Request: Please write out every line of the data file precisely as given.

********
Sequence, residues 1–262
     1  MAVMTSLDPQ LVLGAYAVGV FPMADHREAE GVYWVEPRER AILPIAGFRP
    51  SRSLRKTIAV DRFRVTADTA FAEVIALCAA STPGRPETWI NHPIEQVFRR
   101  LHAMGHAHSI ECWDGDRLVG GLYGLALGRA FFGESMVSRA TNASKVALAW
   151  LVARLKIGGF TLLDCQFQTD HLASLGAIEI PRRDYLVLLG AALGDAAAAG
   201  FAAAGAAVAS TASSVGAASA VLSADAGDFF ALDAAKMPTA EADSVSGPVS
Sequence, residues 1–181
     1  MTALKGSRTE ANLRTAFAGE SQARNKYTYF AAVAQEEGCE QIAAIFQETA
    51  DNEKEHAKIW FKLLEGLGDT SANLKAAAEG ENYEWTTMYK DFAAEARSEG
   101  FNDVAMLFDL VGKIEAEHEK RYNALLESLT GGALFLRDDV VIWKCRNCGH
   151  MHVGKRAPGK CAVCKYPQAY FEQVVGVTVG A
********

Sequence, residues 1–262
     1  MAVMTSLDPQ LVLGAYAVGV FPMADHREAE GVYWVEPRER AILPIAGFRP
    51  SRSLRKTIAV DRFRVTADTA FAEVIALCAA STPGRPETWI NHPIEQVFRR
   101  LHAMGHAHSI ECWDGDRLVG GLYGLALGRA FFGESMVSRA TNASKVALAW
   151  LVARLKIGGF TLLDCQFQTD HLASLGAIEI PRRDYLVLLG AALGDAAAAG
   201  FAAAGAAVAS TASSVGAASA VLSADAGDFF ALDAAKMPTA EADSVSGPVS
Sequence, residues 1–181
     1  MTALKGSRTE ANLRTAFAGE SQARNKYTYF AAVAQEEGCE QIAAIFQETA
    51  DNEKEHAKIW FKLLEGLGDT SANLKAAAEG ENYEWTTMYK DFAAEARSEG
   101  FNDVAMLFDL VGKIEAEHEK RYNALLESLT GGALFLRDDV VIWKCRNCGH
   151  MHVGKRAPGK CAVCKYPQAY FEQVVGVTVG A